Suzuka (鈴鹿市, Suzuka-shi) is a city in Mie Prefecture, Japan. As of 31 July 2021, the city had an estimated population of 197,977 in 87,680 households and a population density of 1000 persons per km².[1] The total area of the city is 194.46 square kilometres (75.08 square miles).

Suzuka
鈴鹿市
Suzuka City Office
Suzuka City Office
Flag of Suzuka
Official seal of Suzuka
Location of Suzuka in Mie Prefecture
Location of Suzuka in Mie Prefecture
Suzuka is located in Japan
Suzuka
Suzuka
 
Coordinates: 34°52′55.1″N 136°35′3″E / 34.881972°N 136.58417°E / 34.881972; 136.58417Coordinates: 34°52′55.1″N 136°35′3″E / 34.881972°N 136.58417°E / 34.881972; 136.58417
CountryJapan
RegionKansai
PrefectureMie
Government
 • MayorNoriko Suematsu (since May 2011)
Area
 • Total194.46 km2 (75.08 sq mi)
Population
 (August 2021)
 • Total197,977
 • Density1,000/km2 (2,600/sq mi)
Time zoneUTC+9 (Japan Standard Time)
- TreeJapanese zelkova
- FlowerSatsuki azalea
Phone number059-382-1100
Address1-18-18 Kanbe, Suzuka-shi, Mie-ken 513-8701
WebsiteOfficial website

GeographyEdit

Suzuka is in northeastern Mie Prefecture, in northern Kii Peninsula, bordered by Ise Bay to the east. Parts of the city are within the borders of the Ise-no-Umi Prefectural Natural Park and the Suzuka Quasi-National Park.

Neighboring municipalitiesEdit

Mie Prefecture

Shiga Prefecture

ClimateEdit

Suzuka has a Humid subtropical climate (Köppen Cfa) characterized by warm summers and cool winters with light to no snowfall. The average annual temperature in Suzuka is 15.6 °C. The average annual rainfall is 1737 mm with September as the wettest month. The temperatures are highest on average in August, at around 27.0 °C, and lowest in January, at around 4.7 °C.[2]

DemographicsEdit

Per Japanese census data,[3] the population of Suzuka has increased slowly over the past 50 years.

Historical population
YearPop.±%
1960 96,822—    
1970 121,185+25.2%
1980 156,250+28.9%
1990 174,105+11.4%
2000 186,151+6.9%
2010 199,184+7.0%

HistoryEdit

Suzuka, as a place name, is mentioned in the Nara period chronicle Nihon Shoki. The ancient Tōkaidō passed through Suzuka, and the Nara-period provincial capital was within its borders. During the Sengoku period, the area was controlled by Oda Nobutaka, the third son of Oda Nobunaga, who ruled from Kanbe Castle. During the Edo period, much of the area was under the control of the 15,000 koku Kanbe Domain, ruled by the Honda clan from 1732 until the Meiji restoration in 1871. During this period, two post stations were within the modern city limits: Ishiyakushi-juku and Shōno-juku, which prospered due to pilgrimage traffic to the Ise Grand Shrine.

After the start of the Meiji period, the area was organized as part of Suzuka District in 1889 and the town of Kanbe was established with the creation of the modern municipalities system on April 1, 1889. On December 1, 1942, Kanbe merged with the villages of Shirako, Inau, Iino, Kawano, Ichinomiya, Mida, Tanagaki, Wakamatsu, Ko, Shono, Takatsuse, Makita, and Ishiyakushi to form the city of Suzuka. The city further expanded in 1954 by annexing the villages of Sakae, Amana and Aikawa and portions of neighboring Kameyama.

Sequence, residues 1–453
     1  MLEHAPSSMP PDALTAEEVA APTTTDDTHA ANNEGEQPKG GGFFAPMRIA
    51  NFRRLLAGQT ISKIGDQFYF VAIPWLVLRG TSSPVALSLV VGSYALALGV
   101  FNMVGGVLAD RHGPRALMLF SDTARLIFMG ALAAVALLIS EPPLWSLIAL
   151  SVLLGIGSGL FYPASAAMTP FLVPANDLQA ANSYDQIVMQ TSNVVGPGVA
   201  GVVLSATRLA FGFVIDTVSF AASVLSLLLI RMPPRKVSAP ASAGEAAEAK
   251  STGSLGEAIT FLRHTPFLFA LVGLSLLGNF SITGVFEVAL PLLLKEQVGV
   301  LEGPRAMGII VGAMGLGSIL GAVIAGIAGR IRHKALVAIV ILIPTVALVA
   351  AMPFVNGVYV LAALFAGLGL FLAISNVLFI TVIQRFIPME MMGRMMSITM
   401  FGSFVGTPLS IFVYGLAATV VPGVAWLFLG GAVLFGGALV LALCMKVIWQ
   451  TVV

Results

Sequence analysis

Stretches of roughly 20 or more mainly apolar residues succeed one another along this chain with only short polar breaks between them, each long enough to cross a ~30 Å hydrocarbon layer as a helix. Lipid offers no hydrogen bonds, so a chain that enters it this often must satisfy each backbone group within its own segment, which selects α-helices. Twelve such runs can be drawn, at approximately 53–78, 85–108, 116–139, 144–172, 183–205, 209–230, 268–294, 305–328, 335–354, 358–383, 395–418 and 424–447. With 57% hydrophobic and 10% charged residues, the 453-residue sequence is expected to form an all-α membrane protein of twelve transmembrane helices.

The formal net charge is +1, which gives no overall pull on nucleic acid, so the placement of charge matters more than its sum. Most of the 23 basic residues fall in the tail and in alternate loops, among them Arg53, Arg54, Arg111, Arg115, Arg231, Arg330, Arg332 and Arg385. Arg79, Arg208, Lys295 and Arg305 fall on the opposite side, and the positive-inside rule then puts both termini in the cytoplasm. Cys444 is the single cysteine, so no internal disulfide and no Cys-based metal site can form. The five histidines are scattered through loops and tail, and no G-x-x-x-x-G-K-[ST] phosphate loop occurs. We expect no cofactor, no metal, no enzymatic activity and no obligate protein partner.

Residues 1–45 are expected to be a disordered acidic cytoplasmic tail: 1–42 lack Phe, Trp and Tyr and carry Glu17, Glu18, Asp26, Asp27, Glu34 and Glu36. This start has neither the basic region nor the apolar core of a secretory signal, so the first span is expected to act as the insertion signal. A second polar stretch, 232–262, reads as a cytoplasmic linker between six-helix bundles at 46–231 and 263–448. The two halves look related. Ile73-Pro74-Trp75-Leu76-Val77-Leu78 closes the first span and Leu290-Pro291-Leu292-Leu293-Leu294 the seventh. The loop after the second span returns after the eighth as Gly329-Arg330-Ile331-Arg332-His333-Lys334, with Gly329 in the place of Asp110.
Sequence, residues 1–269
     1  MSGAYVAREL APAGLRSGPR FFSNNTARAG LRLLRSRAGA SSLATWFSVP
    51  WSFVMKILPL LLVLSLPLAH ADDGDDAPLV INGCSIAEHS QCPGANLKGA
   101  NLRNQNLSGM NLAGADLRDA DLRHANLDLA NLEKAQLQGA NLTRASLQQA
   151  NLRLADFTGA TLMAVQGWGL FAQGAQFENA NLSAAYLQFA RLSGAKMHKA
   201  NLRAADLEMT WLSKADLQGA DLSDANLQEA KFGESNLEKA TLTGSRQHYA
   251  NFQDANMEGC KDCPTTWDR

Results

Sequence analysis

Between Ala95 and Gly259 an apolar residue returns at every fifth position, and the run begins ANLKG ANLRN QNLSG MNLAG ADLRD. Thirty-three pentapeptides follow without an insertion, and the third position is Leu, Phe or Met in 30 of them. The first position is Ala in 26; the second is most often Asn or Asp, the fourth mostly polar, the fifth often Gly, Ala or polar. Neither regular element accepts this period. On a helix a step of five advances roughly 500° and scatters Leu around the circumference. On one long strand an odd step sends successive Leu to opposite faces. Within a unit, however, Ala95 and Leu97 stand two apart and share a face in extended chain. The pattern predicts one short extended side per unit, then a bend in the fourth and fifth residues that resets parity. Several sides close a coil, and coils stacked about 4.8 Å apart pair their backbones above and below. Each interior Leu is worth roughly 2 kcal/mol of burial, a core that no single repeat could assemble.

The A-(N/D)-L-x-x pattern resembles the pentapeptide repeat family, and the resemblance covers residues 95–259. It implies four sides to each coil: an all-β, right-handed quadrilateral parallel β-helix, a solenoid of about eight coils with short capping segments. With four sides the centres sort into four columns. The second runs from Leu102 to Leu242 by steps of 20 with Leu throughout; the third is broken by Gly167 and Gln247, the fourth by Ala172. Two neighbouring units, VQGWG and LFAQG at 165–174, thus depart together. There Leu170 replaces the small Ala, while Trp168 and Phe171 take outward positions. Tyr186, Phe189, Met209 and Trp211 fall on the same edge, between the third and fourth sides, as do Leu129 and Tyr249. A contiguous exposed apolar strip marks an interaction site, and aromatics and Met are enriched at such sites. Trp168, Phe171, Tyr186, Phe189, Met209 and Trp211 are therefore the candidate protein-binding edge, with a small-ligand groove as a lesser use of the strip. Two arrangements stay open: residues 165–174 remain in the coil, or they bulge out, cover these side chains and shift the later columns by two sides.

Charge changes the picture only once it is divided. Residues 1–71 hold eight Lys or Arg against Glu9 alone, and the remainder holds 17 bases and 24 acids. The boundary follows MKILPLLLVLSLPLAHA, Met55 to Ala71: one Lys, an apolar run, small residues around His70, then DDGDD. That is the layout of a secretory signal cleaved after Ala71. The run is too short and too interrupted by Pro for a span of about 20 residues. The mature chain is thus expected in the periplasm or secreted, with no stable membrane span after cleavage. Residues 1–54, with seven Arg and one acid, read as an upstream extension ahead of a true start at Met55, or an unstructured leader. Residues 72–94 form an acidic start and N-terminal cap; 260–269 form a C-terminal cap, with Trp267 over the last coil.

GovernmentEdit

Suzuka has a mayor-council form of government with a directly elected mayor and a unicameral city council of 32 members. Suzuka contributes four members to the Mie Prefectural Assembly. In terms of national politics, the city is part of Mie 2nd district of the lower house of the Diet of Japan.

EconomyEdit

Suzuka boasts a significant industrial market, having major factories for Sharp and Honda in its bounds. These companies outsource part of their labor to South American nationals to secure a contract-based workforce.

Although the Japanese government encourages mandatory English-language education across the nation, in Suzuka many courses are offered by private cram schools (juku) and by publicly funded institutions supporting Portuguese and Spanish. In a controversial move, the city's governing body, from April 2004, requires all garbage information and local signage to be in Japanese and Portuguese (but not English).

EducationEdit

Colleges and universitiesEdit

Primary and secondary educationEdit

  • Suzuka has 30 public elementary schools and ten public middle school operated by the city government, and five public high schools operated by the Mie Prefectural Department of Education. There are also one private middle school and one private high school, and the prefecture also operates one special education school for the handicapped.

International schoolsEdit

TransportEdit

RailwayEdit

  JR TōkaiKansai Main Line

Ise RailwayIse Line

  Kintetsu Railway - Nagoya Line

  Kintetsu Railway - Suzuka Line

HighwayEdit

Local attractionsEdit

SportsEdit

Motor racing circuitEdit

 
Suzuka Circuit map

Suzuka Circuit is a Honda-owned racetrack. It has been the home of the Japanese Grand Prix from 1987, except in 2007 and 2008. It is the only figure-eight circuit in the championship, and is very popular with the drivers, in spite of its numerous difficult bends. Located next to the circuit is the Honda Safety Riding/Driving School, where thousands of car and motorcycle drivers have been trained, including many police officers and instructors throughout the world.

Sister city relationsEdit

Notable peopleEdit

ReferencesEdit

  1. ^ "Suzuka city official statistics" (in Japanese). Japan.
  2. ^ Suzuka climate data
  3. ^ Suzuka population statistics
  4. ^ "Escolas Brasileiras Homologadas no Japão" (Archive). Embassy of Brazil in Tokyo. Retrieved on October 13, 2015.
  5. ^ "Escolas Brasileiras Homologadas no Japão" (Archive). Embassy of Brazil in Tokyo. February 7, 2008. Retrieved on October 13, 2015.
  6. ^ "International Exchange". List of Affiliation Partners within Prefectures. Council of Local Authorities for International Relations (CLAIR). Retrieved 21 November 2015.

External linksEdit